New Fissure Eruption on the East Flank of Puʻu ʻŌʻō (pdf-639KB)

September 26 update from USGS Hawaiian Volcano Observatory - The fissure breakout that started Wednesday continued this morning. Most of the active lava was spreading out at a higher elevation south and west of Puʻu Halulu (1.3 km or 0.8 mi northeast of Puʻu ʻŌʻō). Minor lava activity resumed within Puʻu ʻŌʻō Crater with short flows issuing from the base of the east wall yesterday and from the west wall base overnight. The floor of Puʻu ʻŌʻō Crater has been slowly subsiding.

Puʻu ʻŌʻō is in a remote non accessible location, but at times on clear nights a glow can be viewed from locations on this map (pdf - 4.48MB).
qwovadis is offline  
Oct 7th, 2011, 06:26 PM
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If you've ever seen footage of a lava shelf crashing into the sea, you will never again consider a boat tour. There are a couple of very educated locals and a guide - I think his name was lavaguy that participate at trip advisor.

Whether the lava is flowing is the luck of the draw, but if it is they might be good sources for you to hire a guide or guidance with copter companies.
HR_Puffin is offline  
Oct 18th, 2011, 02:49 PM
  #7  
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Thanks, all, for your responses. Has anyone hiked out to see the lava recently? Please share your experience.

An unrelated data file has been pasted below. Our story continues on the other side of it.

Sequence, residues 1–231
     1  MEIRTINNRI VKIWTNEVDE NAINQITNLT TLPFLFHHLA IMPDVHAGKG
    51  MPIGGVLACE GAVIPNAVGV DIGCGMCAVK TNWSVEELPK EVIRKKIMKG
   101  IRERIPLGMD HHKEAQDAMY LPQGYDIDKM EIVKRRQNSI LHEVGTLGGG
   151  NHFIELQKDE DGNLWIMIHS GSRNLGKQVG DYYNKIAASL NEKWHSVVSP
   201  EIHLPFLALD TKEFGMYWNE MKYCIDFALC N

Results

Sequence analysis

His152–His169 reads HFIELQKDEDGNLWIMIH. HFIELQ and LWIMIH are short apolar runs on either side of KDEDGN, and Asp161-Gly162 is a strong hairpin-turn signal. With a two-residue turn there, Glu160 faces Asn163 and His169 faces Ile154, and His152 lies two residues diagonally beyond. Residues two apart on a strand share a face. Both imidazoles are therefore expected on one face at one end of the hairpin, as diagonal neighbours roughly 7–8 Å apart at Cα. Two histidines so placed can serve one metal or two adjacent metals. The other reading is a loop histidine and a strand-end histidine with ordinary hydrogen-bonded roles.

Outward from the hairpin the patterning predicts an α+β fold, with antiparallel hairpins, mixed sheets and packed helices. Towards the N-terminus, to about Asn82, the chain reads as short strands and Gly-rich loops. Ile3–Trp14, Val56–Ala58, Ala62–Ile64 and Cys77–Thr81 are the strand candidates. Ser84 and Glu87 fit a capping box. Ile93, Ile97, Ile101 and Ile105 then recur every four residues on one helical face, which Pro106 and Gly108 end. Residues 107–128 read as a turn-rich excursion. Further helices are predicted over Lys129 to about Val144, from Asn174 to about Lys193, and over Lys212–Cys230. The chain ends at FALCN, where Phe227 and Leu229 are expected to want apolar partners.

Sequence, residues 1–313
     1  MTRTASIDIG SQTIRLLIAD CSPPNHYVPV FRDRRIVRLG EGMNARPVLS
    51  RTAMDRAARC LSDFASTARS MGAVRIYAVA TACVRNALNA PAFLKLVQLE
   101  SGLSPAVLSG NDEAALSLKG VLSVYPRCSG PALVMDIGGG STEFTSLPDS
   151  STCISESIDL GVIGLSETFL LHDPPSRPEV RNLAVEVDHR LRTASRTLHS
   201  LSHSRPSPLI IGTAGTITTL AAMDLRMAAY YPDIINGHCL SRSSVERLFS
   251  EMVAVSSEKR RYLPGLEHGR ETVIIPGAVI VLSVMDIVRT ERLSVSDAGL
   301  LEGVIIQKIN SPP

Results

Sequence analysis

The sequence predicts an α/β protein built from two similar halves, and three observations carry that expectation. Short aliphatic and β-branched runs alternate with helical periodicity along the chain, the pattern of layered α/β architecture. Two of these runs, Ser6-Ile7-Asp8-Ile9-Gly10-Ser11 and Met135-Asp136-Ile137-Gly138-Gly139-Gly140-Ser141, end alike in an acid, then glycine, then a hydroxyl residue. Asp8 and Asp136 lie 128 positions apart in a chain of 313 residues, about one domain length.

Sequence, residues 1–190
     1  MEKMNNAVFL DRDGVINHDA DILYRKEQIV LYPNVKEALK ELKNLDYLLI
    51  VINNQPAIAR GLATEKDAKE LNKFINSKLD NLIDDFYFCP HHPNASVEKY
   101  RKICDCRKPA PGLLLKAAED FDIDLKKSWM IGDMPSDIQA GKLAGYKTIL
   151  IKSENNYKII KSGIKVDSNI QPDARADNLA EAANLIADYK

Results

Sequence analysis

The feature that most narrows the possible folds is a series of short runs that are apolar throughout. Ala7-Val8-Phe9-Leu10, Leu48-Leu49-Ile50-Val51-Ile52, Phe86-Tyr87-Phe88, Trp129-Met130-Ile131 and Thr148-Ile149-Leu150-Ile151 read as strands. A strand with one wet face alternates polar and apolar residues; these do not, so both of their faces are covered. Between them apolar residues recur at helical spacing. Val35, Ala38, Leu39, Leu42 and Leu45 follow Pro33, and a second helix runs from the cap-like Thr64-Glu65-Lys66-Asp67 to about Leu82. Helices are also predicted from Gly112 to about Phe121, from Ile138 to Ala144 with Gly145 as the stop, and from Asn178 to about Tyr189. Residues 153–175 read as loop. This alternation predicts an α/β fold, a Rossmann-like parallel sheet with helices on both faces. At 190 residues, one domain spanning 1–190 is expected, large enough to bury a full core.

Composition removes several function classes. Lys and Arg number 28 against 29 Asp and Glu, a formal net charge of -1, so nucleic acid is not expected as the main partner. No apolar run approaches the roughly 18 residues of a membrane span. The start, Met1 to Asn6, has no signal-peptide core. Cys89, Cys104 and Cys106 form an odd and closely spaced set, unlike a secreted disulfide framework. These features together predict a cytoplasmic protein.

Thanks!
JC98 is offline  
Dec 12th, 2011, 09:21 PM
  #8  
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Update: no active lava flow that you can see from land. Only the orange glow of the lava pool and fume from the Halema`uma`u crater is visible at night from the Jaggar Museum. Still pretty neat to see. Heard the current lava flow is still visible 5 miles away from the viewpoint in Kapalani Hwy, and people were turned away this weekend due to the toxic fume.
JC98 is offline  
Dec 16th, 2011, 07:21 AM
  #9  
 
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Now you can see lava flowing into the sea

http://www.hawaiimagazine.com/blogs/...Island_volcano

BUT!! It's a 4 mile hike over very rough broken lava rock, which is sharp like a food grater if you fall on it. You need to take a sun hat and plenty of water, as it gets very hot and there's no shade. wear closed shoes. And it could also rain, in which case some of the lava is very slippery. You need to be in very good shape to do this hike! If you go to see it at night you need a good flashlight (Check that the batteries are good) for each person. There is no actual trail, only rough rock.
charnees is offline  
Dec 16th, 2011, 06:25 PM
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When we went to the Big Island some years ago we took a flightseeing plane out of Hilo. The bottom of the plane had glass windows and we thought it was a nice alternative to the helicopter.
edjim is offline  
Dec 17th, 2011, 02:48 PM
  #11  
 
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Kudos to you for providing an update. Wish more people did that.
Tomsd is offline  
Jan 4th, 2012, 08:57 AM
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AndyTravels is a tout. He is touting a website. You can go directly to the helicopter tour website without going through Andy's site, where he makes money off of you.

Don't patronize this sort of spam.
Placename is offline